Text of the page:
Consult neutral sources that you both trust, like your child’s pediatrician or teacher. Or seek out your own physicians if you would trust their medical input.  

Resources like the Center for Disease Control (CDC) or Made to Save can provide helpful information to families looking to make Covid-related health decisions. Or look for reliable sources from medical experts. But be wary of news sites if your politics differ—they may bring up other issues.  

Make sure you both engage in this research independently. Don’t rely on one partner to find all the information. You both want to be well informed on the topic when you revisit the discussion together.  

5. Share and discuss your findings 

Once you’ve gathered new information, share what you’ve learned and check in to see if either of you have positions that have changed. Review the answers to the questions you developed together and figure out if they help resolve your differences.  

If any questions remain, continue searching for expert information until you have all the information you need to make an educated decision. Make sure you keep giving each other ample time to share and to listen. 

A man and a woman sit separately on a couch, facing a man with a notebook.

6. Align on a decision 

It’s ultimately important to show your child a united front. Mixed messages in co-parenting can hurt or confuse children, so try to hide any negativity surrounding the discussion. “You want to lower your child’s anxiety,” explains Dr. Kline Pruett, “and give her information that will help her feel more comfortable.” 

If either of you have hurt feelings after your discussion, consider conflict resolution techniques so that the experience doesn’t hamper future communication.  

Once a decision is reached, you may want to put the decision in writing, especially if one of you tends to be an uncooperative co-parent. Develop a simple document with the date, the decision, and signatures from both parents to make sure everyone is on the same page before taking action.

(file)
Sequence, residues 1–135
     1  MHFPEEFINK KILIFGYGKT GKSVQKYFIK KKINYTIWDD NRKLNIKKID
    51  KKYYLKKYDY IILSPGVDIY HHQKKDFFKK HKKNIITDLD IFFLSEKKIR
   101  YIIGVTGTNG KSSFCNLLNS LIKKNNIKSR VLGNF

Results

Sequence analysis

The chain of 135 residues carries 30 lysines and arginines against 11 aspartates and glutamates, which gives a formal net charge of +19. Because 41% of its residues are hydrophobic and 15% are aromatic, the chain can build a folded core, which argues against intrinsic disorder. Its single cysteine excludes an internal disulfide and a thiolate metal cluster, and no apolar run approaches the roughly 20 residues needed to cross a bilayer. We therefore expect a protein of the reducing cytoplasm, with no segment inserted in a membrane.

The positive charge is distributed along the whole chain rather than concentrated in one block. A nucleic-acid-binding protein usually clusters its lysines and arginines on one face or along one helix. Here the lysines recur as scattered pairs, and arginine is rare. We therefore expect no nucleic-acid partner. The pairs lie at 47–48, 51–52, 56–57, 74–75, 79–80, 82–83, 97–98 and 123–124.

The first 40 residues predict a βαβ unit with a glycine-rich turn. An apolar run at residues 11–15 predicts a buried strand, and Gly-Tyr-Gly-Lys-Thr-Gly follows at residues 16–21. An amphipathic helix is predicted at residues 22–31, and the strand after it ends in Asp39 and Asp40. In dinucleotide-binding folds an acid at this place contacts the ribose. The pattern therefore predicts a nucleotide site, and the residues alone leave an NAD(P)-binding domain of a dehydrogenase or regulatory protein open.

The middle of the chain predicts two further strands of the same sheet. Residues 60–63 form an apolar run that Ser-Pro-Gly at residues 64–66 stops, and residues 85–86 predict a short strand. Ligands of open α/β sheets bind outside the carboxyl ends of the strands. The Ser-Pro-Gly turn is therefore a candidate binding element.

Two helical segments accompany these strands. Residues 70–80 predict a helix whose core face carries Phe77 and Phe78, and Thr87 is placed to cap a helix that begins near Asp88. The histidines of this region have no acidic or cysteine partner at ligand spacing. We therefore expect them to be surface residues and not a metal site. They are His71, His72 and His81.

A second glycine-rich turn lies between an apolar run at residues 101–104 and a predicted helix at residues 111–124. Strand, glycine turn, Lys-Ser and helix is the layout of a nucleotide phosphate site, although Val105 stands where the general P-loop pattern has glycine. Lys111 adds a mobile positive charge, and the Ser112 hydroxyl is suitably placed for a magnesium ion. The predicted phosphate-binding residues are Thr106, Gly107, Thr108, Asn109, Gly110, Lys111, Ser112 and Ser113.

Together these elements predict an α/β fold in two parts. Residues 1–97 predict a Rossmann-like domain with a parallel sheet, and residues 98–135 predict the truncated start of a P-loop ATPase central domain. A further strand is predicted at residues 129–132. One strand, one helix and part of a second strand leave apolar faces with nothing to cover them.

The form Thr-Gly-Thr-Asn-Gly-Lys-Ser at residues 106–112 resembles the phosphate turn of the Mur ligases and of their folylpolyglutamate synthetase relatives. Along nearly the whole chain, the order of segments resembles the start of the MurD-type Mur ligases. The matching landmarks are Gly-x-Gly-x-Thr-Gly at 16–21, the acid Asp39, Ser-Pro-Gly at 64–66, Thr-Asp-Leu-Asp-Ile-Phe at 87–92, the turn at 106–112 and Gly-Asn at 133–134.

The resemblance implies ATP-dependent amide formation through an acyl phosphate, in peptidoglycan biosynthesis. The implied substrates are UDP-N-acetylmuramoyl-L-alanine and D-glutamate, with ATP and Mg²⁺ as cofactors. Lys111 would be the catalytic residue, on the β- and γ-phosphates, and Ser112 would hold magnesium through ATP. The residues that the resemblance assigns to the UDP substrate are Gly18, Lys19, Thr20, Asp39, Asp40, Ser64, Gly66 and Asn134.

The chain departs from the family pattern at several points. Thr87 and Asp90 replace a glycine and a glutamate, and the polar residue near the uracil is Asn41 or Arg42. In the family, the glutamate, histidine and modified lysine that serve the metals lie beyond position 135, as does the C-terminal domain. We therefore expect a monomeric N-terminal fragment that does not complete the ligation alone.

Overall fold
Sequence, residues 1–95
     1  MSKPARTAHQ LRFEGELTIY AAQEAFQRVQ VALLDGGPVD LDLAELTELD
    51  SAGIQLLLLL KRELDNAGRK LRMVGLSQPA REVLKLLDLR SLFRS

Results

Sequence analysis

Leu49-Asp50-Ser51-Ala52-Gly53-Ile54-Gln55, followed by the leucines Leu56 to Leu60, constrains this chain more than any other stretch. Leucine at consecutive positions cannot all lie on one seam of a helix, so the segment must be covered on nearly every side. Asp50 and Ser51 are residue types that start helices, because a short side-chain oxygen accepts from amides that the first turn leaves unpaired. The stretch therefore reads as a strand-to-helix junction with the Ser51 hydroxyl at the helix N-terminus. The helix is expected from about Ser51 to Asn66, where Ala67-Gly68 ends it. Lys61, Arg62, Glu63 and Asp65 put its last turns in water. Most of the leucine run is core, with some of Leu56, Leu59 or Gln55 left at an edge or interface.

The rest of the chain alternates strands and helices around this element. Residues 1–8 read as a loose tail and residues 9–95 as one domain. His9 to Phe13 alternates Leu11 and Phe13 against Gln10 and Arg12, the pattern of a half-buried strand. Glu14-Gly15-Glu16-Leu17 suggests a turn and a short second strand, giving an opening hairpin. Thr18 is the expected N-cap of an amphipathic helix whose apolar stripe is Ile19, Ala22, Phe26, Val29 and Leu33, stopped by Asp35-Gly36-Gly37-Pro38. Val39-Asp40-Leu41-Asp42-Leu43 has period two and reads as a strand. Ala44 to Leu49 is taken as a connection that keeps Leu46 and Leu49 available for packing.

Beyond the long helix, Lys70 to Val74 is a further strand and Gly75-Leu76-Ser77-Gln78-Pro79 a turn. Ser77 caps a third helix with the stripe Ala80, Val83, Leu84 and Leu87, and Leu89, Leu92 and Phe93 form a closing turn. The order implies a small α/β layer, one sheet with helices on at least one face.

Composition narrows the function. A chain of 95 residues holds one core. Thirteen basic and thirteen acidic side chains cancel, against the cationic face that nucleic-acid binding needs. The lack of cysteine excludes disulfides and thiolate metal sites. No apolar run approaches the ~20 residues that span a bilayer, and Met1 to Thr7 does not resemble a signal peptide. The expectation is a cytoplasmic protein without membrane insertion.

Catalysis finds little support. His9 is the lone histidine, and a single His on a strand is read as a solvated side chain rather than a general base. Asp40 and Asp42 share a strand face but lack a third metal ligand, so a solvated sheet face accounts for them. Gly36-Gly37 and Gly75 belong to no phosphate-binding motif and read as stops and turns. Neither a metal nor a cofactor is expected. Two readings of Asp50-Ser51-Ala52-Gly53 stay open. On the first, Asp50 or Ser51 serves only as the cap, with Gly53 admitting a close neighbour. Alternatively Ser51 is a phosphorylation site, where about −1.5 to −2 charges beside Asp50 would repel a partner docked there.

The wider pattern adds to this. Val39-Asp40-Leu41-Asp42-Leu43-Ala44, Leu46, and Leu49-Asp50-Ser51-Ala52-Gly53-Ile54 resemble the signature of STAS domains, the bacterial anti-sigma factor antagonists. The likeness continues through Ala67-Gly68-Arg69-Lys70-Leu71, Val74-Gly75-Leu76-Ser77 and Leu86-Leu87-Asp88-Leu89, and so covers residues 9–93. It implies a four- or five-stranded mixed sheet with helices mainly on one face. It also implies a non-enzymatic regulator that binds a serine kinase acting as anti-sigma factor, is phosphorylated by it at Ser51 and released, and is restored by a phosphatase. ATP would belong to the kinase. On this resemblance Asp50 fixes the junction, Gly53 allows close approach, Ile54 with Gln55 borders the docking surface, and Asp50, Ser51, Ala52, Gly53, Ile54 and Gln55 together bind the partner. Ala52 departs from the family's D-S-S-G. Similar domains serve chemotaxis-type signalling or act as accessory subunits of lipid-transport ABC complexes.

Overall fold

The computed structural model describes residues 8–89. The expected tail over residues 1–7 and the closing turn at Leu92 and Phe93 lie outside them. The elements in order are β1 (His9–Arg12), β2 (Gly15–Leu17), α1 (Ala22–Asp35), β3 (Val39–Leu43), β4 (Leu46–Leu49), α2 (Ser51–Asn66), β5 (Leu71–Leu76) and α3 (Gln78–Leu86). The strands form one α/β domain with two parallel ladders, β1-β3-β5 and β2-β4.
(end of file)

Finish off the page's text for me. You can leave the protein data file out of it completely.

If you’re still struggling to reach an agreement after following these steps, Dr. Kline Pruett suggests adding a neutral third party into the mix: a mediator, a therapist, or even a close family friend. This person may be able to help move the conflict forward by keeping the conversation focused. This doesn’t need to be a long-term arrangement—but sometimes introducing a third party for specific decisions can open the door to additional mediated discussions.  

These six steps work for discussions aside from Covid-19, too. Co-parenting can be difficult, but it’s easier if you have a strategy for approaching disagreements. To learn more strategies, read our article on effective communication after divorce


One more way to improve your communication

If you can’t speak face-to-face, or if conflict is especially high, or if you want your whole conversation recorded, then OurFamilyWizard can guide conversations in a productive direction. All messages are permanently recorded (with no option to edit or delete), so there’s motivation to choose your words carefully. Plus, ToneMeter helps point out language that could escalate the tension.  

You can download a report of your conversation, too, and OurFamilyWizard reports are often used in court. With your permission, your lawyer can view all app activity directly, providing even more motivation to keep it civil. 

Whatever strategies you use, your children will benefit from your thoughtful approach. 

Get started with OurFamilyWizard